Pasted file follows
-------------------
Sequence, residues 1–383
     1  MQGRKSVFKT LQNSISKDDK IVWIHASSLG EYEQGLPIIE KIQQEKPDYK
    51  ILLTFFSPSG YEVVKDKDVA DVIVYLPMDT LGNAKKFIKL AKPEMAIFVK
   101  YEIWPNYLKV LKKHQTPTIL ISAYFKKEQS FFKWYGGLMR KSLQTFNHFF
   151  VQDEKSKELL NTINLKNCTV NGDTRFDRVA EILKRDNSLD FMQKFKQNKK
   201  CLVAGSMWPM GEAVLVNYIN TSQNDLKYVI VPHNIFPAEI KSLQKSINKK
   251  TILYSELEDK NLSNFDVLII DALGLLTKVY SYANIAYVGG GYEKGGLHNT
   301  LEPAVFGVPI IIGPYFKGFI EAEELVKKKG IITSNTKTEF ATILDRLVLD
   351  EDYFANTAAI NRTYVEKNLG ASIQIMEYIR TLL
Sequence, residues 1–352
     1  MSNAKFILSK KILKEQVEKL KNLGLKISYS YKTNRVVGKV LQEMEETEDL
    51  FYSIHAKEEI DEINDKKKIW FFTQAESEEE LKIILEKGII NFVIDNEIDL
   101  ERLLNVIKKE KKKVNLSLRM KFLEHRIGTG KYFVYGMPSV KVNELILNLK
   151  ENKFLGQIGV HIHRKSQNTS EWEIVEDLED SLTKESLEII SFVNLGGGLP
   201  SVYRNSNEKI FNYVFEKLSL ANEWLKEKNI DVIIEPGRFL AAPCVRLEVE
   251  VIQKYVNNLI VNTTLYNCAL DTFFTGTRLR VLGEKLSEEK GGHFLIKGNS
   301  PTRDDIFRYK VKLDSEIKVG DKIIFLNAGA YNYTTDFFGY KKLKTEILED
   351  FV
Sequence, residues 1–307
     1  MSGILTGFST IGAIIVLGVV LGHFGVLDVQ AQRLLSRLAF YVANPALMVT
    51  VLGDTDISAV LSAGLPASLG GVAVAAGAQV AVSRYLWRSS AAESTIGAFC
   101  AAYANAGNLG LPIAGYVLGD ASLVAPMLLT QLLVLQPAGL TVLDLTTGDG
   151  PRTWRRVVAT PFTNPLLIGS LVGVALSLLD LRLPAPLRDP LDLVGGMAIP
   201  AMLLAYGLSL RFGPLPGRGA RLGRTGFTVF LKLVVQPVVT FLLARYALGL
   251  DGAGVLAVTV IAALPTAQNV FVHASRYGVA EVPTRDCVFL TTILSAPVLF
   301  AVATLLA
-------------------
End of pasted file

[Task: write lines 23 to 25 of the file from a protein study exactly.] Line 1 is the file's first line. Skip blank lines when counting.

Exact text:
   151  PRTWRRVVAT PFTNPLLIGS LVGVALSLLD LRLPAPLRDP LDLVGGMAIP
   201  AMLLAYGLSL RFGPLPGRGA RLGRTGFTVF LKLVVQPVVT FLLARYALGL
   251  DGAGVLAVTV IAALPTAQNV FVHASRYGVA EVPTRDCVFL TTILSAPVLF